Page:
Memórias do Instituto Oswaldo Cruz
Fundação Oswaldo Cruz, Fiocruz
Vol. 100, No. s1, 2005, pp. 97-103
Bioline Code: oc05033
Full paper language: English
Document type: Research Article
Document available free of charge
Memórias do Instituto Oswaldo Cruz, Vol. 100, No. s1, 2005, pp. 97-103
© Copyright 2005 - Instituto Oswaldo Cruz - Fiocruz.
Mechanisms for suppressing NADPH oxidase in the vascular wall|
Gregory J Dusting; Stavros Selemidis & Fan Jiang
Oxidative stress underlies many forms of vascular disease as well as tissue injury following ischemia and reperfusion. The major source of oxidative stress in the artery wall is an NADPH oxidase. This enzyme complex as expressed in vascular cells differs from that in phagocytic leucocytes both in biochemical structure and functions. The crucial flavin-containing catalytic subunits, Nox1 and Nox4, are not found in leucocytes, but are highly expressed in vascular cells and upregulated with vascular remodeling, such as that found in hypertension and atherosclerosis. The difference in catalytic subunits offers the opportunity to develop "vascular specific" NADPH oxidase inhibitors that do not compromise the essential physiological signaling and phagocytic functions carried out by reactive oxygen and nitrogen species. Nitric oxide and targeted inhibitors of NADPH oxidase that block the source of oxidative stress in the vasculature are more likely to prevent the deterioration of vascular function that leads to stroke and heart attack, than are conventional antioxidants. The roles of Nox isoforms in other inflammatory conditions are yet to be explored.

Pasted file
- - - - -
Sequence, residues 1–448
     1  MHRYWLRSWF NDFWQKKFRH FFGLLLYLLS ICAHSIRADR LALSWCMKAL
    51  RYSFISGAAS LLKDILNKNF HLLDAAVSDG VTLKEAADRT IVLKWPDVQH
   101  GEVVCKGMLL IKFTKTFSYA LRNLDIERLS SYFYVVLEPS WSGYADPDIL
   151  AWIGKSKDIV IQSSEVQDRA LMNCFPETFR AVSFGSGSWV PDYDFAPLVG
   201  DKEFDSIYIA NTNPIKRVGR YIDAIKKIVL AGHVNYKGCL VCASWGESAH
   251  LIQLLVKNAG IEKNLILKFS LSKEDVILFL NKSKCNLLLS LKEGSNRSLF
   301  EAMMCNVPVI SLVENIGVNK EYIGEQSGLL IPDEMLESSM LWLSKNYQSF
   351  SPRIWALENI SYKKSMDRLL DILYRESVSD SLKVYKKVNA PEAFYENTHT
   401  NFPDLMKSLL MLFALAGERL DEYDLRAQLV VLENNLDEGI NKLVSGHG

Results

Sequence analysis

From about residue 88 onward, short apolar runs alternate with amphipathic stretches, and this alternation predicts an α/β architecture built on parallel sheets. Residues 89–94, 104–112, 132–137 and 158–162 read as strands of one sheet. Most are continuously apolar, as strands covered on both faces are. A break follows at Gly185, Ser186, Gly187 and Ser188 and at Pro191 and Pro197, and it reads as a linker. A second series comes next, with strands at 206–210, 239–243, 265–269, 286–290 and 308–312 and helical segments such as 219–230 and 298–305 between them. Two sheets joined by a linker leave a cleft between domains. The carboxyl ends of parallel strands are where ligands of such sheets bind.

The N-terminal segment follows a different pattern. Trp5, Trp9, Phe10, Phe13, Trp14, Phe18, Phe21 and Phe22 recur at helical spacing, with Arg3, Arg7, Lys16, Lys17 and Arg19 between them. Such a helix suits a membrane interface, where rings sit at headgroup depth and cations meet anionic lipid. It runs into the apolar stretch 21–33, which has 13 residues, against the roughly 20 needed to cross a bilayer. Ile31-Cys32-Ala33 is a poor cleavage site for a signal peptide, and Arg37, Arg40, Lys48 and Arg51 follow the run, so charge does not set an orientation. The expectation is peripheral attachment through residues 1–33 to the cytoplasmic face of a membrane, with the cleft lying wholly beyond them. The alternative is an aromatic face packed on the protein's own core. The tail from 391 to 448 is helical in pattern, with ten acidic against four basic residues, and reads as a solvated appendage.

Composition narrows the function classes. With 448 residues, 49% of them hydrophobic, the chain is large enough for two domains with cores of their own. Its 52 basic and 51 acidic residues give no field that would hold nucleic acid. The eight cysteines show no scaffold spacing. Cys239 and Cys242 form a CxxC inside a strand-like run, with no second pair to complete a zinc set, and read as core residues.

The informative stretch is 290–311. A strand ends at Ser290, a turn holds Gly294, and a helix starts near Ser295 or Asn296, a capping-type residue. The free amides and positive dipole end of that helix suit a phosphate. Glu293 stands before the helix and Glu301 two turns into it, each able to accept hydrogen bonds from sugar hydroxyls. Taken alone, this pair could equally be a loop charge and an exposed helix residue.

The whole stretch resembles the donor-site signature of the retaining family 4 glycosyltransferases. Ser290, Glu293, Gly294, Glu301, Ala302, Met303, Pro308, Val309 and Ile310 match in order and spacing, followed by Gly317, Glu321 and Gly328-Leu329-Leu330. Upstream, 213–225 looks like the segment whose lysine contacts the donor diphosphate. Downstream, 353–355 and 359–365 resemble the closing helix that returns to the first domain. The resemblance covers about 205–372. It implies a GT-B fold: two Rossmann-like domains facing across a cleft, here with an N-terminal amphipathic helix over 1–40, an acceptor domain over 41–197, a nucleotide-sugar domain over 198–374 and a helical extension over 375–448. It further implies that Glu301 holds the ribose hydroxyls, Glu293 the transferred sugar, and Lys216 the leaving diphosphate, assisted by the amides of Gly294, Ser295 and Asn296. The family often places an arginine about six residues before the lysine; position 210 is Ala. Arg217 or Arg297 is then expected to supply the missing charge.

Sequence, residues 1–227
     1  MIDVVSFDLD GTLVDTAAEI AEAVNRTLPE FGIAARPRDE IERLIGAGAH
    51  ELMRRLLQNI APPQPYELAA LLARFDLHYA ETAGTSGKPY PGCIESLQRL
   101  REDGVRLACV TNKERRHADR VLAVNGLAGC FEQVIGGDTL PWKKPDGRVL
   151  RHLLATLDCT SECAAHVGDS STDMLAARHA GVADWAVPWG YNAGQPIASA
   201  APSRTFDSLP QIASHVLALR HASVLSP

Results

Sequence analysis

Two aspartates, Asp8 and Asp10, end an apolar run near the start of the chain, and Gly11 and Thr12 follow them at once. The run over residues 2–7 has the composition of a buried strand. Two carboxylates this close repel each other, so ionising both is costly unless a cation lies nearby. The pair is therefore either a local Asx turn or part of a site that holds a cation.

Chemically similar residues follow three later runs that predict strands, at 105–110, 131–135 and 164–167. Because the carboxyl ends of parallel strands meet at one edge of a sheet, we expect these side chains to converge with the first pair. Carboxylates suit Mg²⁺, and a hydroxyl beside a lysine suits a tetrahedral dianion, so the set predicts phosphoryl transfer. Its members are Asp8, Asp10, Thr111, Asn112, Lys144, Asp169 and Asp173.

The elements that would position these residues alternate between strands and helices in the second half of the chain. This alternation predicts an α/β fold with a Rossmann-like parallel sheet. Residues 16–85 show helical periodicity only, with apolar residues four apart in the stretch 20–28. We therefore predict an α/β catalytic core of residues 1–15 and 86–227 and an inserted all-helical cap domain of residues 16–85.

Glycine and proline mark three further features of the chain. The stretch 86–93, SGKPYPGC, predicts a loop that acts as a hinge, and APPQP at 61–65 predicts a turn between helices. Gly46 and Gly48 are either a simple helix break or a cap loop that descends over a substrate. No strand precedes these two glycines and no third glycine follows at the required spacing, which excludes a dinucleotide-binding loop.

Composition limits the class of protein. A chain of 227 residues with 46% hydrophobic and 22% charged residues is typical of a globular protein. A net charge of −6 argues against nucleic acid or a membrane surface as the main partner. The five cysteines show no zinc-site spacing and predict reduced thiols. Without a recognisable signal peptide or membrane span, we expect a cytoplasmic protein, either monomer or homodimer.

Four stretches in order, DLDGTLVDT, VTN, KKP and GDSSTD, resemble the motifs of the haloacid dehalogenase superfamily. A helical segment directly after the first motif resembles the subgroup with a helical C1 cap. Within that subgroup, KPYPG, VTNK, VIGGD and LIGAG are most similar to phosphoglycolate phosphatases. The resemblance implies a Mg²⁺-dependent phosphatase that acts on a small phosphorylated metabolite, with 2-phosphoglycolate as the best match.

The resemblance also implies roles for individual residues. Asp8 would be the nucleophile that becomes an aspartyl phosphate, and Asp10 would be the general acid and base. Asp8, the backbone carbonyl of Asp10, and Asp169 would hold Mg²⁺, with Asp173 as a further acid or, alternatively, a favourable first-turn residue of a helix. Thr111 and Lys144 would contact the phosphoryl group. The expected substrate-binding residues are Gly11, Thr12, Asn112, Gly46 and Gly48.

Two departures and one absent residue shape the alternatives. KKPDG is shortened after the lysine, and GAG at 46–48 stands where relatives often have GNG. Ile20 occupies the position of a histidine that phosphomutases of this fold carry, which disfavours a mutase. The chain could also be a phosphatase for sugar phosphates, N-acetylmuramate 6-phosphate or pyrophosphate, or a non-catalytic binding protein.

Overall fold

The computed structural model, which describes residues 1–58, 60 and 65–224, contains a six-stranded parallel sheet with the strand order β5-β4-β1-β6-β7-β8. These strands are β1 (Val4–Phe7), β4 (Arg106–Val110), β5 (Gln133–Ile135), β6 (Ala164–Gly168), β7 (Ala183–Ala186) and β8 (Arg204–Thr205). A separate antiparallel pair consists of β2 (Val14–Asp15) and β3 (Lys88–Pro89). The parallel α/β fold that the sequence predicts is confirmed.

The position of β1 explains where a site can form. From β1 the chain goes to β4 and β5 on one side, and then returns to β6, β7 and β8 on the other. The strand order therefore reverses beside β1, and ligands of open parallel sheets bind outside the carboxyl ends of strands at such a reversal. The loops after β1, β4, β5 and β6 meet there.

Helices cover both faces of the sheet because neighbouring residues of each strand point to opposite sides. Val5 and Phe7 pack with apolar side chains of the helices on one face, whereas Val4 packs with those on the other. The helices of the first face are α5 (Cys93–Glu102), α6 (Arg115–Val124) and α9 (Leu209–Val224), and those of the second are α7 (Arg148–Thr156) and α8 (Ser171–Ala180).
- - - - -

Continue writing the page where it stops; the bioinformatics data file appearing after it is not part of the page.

atherosclerosis - gp91phox - hypertension - NADPH oxidase - nitric oxide - Nox1 - Nox4 - reactive oxygen species
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